CALGARY, Jan. 25 /CNW/ - The Health Quality Council of Alberta (HQCA) today released the results of its second report examining the experience of patients who visited the 12 highest-volume urban and regional emergency departments in the province. The report follows up on one released in 2007, which looked at all urban, regional hospital and community-level emergency departments in Alberta. The purpose of the report is to monitor changes in the performance of emergency department sites with the greatest crowding pressures, longest wait times and poorest patient experience. Where possible, the 2009 report compares results between the two years.
Surveys were sent to close to 11,000 patients who visited selected Alberta emergency department facilities in March 2009. Nearly half (45%) or 4,942 surveys were completed indicating a high level of interest by Albertans. The survey data was combined with emergency department data to further analyze and validate the patient experience of urgency and wait times.
For example, the report uses emergency department data to look at time to physician according to guidelines established by the Canadian Association of Emergency Physicians.
On releasing the report results, Chief Executive Officer Dr. John Cowell said, "This is the second provincial study of this kind undertaken in Alberta. Given the timing of the 2009 report, it can now serve as a baseline to measure the impact of recent changes to Alberta's health system. At the same time, it gives Alberta Health Services, Alberta Health and Wellness, doctors, nurses and other health care providers valuable information that can help improve the quality of emergency department patient care."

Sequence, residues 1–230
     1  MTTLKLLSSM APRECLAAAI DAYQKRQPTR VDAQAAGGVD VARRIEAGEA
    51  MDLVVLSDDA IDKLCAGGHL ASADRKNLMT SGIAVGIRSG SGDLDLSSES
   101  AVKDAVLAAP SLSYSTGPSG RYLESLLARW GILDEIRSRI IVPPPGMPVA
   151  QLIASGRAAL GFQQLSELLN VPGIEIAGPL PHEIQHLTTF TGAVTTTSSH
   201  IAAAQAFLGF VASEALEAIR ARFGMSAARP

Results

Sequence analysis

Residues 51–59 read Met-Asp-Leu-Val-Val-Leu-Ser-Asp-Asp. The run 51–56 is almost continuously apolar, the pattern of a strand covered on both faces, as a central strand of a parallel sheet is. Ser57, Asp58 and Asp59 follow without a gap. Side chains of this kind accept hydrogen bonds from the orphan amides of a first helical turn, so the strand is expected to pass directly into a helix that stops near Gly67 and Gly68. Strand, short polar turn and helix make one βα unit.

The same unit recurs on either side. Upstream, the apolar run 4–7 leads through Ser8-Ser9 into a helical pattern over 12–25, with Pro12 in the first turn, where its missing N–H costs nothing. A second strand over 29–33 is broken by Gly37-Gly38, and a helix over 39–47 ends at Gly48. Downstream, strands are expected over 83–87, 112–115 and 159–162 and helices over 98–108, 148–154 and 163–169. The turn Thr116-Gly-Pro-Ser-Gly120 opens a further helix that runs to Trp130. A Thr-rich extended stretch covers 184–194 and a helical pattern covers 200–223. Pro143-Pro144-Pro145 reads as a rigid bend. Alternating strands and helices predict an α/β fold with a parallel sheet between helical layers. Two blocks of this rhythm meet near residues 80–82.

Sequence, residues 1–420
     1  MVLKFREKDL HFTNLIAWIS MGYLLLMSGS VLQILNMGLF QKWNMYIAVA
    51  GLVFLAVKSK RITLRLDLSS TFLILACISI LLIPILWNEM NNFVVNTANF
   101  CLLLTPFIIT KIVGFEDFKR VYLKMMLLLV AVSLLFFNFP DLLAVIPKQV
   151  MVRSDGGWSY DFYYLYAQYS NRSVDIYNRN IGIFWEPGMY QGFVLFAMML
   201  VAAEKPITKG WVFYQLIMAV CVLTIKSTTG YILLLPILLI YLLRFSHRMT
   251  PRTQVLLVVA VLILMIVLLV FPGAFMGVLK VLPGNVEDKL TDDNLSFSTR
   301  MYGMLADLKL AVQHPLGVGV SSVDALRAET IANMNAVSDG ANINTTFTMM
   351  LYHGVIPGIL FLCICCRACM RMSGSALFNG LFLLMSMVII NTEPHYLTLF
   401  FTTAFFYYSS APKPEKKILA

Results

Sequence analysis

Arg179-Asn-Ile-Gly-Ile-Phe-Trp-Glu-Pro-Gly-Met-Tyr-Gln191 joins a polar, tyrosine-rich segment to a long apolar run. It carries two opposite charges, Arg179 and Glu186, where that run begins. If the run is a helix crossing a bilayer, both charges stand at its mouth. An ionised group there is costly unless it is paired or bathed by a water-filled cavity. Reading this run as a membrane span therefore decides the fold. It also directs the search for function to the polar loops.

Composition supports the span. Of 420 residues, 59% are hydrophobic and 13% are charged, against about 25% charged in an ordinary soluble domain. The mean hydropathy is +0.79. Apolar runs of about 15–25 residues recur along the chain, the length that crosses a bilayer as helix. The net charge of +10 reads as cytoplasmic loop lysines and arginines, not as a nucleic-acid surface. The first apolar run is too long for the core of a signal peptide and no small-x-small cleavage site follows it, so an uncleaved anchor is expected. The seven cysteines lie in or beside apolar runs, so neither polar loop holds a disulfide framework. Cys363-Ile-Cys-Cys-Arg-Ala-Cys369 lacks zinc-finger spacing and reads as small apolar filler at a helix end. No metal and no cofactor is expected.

Highlights of the key findings follow:
Wait times, Crowding & Reassessment - The report clearly shows that wait times negatively affect the patient experience. Despite efforts to improve wait times (access) in busy emergency departments, wait times reported in the 2009 study have deteriorated since 2007.
According to emergency department data, overall length of stay in the emergency department for both discharged and admitted patients has increased significantly from 2007.
ED Length of Stay Measures* 2007 2009
Overall length of stay for discharged patients(xx) 3.4 hours 3.6 hours
Overall length of stay for admitted patients(xx) 11.1 hours 14.4 hours
* Based on emergency department data.
- For patients who were ultimately discharged home, the median length
of stay to be assessed, seen by a doctor, treated and discharged was
3.6 hours. For the most part, this reflects emergency department
processes and performance.
- For the 19% of patients who were ultimately hospitalized, the median
length of stay was an additional 10.8 hours, resulting in a total
length of stay of 14.4 hours. The 10.8 hours reflects processes and
performance beyond the control of the emergency department. The
additional time is a consequence of what is happening elsewhere in
- These findings are validated by patient-reported data. For example,
39% of admitted patients in 2007 and 48% in 2009 reported a length of
stay greater than 12 hours.
- Overall, the time from triage to physician assessment has increased
significantly. Patients who reported waiting over two hours to see a
doctor increased from 38% in 2007 to 42% in 2009.
According to emergency department data, for those surveyed, performance
against Canadian Association of Emergency Physician guidelines for time to
physician has worsened since 2007. The Canadian Triage and Acuity Scale (CTAS)
is an emergency department-assigned urgency score that determines the order in
which patients are seen (CTAS I being the most urgent and CTAS V the least